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Malaria strikes 90 Irish tourists in just one year

IRELAND'S disease watchdog was notified of 90 cases of malaria in people who had travelled overseas last year.

New figures from the Health Protection Surveillance Centre (HPSC) said that half of all cases were notified during the third quarter of the year "coinciding with the summer holiday period, and most likely reflecting increased travel to endemic countries during this time",

It said the number of cases notified last year was similar to that reported for the previous three years.

Malaria, a potentially fatal illness, is a common but serious tropical disease passed on through a bite from a malaria-infected mosquito.

More than 90pc of cases occur in tropical Africa. For travellers and tourists, Africa south of the Sahara probably represents the area of greatest risk of malaria.

Cases in Ireland have been associated with overseas travel and immigrants returning from malaria-risk areas.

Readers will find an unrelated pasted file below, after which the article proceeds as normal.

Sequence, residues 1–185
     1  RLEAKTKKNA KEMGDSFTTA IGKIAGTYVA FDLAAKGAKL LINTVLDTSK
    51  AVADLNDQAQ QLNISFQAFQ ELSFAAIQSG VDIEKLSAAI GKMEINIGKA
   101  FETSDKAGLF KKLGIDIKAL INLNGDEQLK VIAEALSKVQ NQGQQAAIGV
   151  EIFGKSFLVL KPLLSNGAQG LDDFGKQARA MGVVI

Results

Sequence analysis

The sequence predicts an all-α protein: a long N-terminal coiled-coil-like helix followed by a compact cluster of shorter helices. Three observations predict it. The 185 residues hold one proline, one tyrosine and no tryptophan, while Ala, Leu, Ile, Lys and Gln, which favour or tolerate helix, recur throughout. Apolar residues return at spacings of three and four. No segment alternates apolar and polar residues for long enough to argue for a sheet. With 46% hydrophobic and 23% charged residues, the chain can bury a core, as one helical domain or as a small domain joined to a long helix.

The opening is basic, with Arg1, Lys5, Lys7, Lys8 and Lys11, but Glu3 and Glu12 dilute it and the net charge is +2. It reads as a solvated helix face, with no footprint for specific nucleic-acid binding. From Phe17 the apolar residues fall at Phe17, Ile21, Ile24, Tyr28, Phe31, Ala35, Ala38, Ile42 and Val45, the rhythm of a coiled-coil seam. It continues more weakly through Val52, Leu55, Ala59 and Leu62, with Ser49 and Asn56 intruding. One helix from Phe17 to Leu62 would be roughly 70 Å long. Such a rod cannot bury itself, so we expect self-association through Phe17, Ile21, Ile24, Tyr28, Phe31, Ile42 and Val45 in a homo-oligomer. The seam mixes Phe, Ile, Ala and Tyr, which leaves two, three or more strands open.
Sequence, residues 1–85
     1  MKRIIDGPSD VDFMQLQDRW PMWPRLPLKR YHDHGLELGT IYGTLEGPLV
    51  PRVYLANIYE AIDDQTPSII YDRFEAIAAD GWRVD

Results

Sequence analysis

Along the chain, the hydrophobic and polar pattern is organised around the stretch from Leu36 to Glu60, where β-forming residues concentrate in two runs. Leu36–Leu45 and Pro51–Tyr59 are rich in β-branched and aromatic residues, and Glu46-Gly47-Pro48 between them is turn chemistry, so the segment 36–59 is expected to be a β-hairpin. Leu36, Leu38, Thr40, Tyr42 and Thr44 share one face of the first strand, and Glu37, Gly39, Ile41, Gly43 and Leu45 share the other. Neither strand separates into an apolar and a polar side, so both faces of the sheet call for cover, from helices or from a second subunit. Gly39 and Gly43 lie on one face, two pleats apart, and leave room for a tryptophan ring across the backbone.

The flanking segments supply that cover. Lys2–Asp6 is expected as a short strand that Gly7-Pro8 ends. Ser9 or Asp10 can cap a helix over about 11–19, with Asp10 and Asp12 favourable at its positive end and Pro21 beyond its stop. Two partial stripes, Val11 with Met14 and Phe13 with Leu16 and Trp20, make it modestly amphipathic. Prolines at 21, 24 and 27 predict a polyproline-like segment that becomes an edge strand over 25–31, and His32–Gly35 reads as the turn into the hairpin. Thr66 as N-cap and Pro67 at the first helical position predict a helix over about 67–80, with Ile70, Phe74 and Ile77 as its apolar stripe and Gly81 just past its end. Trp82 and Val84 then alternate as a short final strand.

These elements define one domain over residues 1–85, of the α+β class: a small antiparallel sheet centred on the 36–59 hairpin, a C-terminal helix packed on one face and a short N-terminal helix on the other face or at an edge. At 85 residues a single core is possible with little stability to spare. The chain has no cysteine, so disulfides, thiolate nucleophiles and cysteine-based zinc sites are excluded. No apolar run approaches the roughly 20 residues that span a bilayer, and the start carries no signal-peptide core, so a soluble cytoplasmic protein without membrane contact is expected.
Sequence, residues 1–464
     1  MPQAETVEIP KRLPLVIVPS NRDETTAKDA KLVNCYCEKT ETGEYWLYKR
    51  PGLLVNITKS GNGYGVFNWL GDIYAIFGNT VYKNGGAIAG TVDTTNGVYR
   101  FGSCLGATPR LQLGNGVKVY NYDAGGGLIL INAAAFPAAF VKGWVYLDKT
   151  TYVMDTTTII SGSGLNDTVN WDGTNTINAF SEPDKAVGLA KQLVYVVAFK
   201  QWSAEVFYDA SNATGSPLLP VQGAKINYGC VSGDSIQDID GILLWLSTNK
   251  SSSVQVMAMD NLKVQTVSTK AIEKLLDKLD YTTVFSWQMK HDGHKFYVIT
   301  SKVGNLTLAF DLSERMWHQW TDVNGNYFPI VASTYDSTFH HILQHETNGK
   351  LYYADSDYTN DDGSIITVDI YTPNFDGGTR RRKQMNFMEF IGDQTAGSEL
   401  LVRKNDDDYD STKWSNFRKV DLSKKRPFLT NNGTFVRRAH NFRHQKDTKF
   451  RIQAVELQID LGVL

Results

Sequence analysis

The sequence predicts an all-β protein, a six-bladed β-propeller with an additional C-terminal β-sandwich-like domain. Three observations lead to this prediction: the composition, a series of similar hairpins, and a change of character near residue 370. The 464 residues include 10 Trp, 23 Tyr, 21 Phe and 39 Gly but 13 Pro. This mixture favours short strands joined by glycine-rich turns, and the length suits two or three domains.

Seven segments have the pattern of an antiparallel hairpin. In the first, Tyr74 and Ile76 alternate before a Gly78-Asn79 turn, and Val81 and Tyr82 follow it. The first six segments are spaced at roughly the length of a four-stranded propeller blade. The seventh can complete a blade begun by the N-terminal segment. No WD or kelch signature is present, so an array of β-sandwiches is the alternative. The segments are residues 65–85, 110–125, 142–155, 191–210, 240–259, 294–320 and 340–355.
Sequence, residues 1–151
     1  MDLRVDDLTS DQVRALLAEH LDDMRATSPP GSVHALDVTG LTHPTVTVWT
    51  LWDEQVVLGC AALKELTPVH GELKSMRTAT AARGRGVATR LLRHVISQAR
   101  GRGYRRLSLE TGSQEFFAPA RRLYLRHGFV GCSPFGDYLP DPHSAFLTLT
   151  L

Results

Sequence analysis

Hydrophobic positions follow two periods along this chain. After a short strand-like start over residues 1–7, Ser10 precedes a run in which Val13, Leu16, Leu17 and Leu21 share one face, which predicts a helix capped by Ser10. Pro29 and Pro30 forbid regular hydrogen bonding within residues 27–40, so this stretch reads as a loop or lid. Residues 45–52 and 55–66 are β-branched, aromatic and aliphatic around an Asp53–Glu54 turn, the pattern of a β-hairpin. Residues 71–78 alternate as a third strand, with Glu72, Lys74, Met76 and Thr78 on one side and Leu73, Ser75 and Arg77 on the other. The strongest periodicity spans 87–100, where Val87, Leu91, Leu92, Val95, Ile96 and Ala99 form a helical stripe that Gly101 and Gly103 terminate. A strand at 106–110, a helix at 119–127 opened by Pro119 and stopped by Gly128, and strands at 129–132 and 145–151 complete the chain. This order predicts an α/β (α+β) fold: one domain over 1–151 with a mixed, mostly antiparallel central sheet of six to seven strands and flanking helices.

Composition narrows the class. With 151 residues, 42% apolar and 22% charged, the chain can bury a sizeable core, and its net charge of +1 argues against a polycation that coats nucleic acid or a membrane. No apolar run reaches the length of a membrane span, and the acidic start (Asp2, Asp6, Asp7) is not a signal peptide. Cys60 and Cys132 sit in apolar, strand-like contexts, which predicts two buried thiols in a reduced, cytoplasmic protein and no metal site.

The HPSC said: "It is important to remember that deaths from malaria in travellers are largely preventable."

It has advised that protection from biting mosquitoes is the first line of defence, including avoiding going out between dusk and dawn when mosquitoes commonly bite.

There are effective medications to help prevent the development of malaria, which may have to be taken up to a week before entering the malarious area, and for several weeks after leaving it.


Malaria, if not promptly treated, can cause kidney failure, coma and death.

Travel presenter Kathryn Thomas has told how she was struck down with malaria during a trip to Papua New Guinea for the RTE show No Frontiers in 2008.

"I woke up around 2am and I couldn't feel anything from the waist down. I was feverish and started hallucinating." Her team rushed her to a doctor for treatment.